England broke the trail which all other peoples that have accepted democracy have followed. The mobile and logical intelligence of France, slower through historical conditions to snap the feudal bonds, when it was at last aroused, at one bound outstripped England. Not content to limit, it swept away both monarchy and the House of Peers. A still more striking illustration of how the last may be first may yet be yielded by that great half-European, half-Asiatic people, so long, apparently, impenetrable to democracy, but now in the obscure throes of a revolution which despite its initial disorders and excesses, may, it is perhaps possible to hope, give to Russia the high honour of being the first nation to achieve the last conquest of democracy--its triumph in the economic realm. For it would seem impossible to doubt that that final triumph of democracy can be long delayed. Autocracy and aristocracy overthrown in politics cannot stand in economics.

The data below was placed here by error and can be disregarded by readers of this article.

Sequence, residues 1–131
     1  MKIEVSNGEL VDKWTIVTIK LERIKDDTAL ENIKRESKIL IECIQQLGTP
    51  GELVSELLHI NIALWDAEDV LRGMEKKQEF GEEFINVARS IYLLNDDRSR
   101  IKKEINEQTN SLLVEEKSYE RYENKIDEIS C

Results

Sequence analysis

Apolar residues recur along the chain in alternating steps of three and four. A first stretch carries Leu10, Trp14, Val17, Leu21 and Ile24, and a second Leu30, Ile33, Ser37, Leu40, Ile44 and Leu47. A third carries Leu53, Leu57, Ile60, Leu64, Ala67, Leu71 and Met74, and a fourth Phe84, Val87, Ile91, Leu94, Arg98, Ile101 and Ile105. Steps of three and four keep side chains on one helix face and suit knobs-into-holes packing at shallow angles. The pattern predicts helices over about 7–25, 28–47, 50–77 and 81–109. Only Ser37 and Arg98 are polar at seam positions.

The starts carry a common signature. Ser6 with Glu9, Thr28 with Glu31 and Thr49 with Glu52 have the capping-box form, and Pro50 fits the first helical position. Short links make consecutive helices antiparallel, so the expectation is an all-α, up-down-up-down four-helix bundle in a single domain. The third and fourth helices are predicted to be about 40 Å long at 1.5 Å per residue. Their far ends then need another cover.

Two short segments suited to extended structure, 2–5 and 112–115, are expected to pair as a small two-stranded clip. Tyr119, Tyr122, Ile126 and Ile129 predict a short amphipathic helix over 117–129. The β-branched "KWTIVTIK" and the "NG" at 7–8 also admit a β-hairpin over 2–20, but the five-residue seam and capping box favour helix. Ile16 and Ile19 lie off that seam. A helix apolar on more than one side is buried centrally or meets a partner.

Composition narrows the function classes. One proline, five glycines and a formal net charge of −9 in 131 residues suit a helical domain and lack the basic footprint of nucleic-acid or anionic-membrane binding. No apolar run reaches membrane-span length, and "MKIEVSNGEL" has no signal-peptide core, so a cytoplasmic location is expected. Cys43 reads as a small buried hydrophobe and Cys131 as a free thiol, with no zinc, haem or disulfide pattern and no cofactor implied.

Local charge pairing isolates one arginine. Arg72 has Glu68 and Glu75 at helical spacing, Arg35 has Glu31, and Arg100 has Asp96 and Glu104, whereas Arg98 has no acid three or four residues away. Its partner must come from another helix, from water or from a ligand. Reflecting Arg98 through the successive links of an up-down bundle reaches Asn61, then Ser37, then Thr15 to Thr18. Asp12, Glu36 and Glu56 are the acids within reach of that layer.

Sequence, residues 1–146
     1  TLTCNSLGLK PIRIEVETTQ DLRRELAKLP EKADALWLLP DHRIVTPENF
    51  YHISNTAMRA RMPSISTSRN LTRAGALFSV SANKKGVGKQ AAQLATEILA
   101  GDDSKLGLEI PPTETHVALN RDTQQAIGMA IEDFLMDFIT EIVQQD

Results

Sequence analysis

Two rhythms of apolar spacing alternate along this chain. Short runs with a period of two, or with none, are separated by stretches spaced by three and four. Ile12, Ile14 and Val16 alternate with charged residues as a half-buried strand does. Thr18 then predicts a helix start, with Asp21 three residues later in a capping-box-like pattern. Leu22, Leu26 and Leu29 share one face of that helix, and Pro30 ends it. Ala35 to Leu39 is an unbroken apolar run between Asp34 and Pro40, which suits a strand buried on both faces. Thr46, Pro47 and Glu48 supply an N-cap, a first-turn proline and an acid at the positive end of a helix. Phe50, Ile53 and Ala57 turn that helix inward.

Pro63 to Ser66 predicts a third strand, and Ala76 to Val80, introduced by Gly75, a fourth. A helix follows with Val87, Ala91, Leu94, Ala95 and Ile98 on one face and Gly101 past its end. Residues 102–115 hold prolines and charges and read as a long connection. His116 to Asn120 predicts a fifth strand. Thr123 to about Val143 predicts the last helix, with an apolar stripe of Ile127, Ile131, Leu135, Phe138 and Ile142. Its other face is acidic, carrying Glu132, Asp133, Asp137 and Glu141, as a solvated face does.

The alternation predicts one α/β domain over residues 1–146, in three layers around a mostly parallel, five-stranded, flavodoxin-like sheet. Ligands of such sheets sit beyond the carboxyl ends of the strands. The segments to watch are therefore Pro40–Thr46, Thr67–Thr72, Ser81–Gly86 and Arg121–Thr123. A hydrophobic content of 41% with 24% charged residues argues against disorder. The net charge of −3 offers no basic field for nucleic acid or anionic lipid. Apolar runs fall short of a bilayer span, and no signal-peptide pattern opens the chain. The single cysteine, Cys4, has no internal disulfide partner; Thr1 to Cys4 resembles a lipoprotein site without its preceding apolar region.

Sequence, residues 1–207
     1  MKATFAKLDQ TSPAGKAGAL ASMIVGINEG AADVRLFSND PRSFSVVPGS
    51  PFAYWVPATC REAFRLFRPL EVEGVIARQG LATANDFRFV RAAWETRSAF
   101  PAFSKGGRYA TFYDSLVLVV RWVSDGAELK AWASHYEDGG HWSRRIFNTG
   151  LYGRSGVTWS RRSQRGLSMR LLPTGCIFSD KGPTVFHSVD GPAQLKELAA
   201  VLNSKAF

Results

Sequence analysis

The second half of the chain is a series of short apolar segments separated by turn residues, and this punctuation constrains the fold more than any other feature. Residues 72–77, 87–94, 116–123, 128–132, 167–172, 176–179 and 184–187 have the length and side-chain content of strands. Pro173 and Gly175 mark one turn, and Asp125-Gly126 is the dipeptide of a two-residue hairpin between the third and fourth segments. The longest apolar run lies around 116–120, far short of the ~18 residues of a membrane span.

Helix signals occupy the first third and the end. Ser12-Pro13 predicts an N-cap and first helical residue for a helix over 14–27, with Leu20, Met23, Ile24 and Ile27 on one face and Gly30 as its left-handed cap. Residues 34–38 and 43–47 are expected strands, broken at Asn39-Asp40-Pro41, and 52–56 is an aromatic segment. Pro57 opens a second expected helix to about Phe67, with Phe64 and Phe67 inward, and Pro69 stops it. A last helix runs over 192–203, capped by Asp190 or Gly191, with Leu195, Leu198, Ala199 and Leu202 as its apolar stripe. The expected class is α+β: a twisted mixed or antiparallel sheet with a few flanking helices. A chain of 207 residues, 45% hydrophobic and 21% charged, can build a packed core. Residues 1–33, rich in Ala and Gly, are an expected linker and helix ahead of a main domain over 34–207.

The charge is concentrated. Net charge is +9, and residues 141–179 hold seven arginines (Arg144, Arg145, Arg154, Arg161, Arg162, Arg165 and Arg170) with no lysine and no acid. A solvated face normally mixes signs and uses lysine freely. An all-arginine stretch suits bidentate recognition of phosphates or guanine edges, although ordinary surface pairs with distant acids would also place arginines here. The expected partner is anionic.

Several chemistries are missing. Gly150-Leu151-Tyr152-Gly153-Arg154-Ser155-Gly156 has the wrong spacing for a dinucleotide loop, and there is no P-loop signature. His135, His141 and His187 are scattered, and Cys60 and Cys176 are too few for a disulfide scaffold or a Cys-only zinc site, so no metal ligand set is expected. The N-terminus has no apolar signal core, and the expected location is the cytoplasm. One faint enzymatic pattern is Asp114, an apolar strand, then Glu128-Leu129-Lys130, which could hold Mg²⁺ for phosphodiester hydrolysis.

He who will trace a river like the Mississippi from its source, and find it growing in hundreds of miles from a stream that may be waded to a great river a mile in width and a hundred feet in depth, does not need to actually follow the river to its mouth to be assured that it must reach the sea. Such a river cannot be diverted or dammed. Obstructions will only serve to make its current more violent.